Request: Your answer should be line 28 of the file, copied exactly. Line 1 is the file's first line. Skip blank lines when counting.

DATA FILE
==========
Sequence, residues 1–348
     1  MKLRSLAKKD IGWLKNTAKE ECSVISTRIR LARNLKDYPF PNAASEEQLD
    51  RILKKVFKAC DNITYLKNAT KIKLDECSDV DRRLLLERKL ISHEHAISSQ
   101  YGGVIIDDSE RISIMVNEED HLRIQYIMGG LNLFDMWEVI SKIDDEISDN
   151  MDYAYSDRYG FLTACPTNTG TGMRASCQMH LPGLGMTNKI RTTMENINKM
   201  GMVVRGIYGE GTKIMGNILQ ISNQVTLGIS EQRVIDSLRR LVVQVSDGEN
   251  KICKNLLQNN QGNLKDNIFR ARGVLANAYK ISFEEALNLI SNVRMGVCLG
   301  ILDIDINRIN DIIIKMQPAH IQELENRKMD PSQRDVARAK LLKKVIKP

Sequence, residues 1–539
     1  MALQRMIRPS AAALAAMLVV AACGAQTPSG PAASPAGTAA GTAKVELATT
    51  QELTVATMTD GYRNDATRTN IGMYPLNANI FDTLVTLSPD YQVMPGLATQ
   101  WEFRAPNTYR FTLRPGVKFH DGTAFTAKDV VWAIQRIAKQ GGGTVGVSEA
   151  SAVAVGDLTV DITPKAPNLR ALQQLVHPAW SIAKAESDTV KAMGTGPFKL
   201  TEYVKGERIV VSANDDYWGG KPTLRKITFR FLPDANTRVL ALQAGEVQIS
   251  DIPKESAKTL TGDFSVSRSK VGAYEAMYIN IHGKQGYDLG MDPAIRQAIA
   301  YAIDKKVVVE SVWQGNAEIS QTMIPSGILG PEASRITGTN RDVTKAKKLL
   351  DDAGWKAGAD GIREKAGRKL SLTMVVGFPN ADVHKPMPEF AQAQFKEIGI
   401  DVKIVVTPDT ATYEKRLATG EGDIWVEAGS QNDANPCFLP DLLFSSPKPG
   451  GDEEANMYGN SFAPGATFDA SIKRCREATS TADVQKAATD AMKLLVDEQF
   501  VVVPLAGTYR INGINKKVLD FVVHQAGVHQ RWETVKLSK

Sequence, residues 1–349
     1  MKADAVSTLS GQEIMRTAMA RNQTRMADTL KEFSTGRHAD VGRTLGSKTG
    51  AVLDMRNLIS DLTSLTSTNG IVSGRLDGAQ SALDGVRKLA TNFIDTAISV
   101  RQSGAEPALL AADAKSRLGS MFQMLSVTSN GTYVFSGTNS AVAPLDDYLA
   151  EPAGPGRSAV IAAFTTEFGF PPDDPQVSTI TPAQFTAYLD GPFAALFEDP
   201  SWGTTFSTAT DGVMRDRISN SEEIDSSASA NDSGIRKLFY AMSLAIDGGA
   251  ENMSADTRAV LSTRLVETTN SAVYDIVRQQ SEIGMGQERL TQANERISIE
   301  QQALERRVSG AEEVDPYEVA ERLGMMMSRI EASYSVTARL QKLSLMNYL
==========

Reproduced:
   301  QQALERRVSG AEEVDPYEVA ERLGMMMSRI EASYSVTARL QKLSLMNYL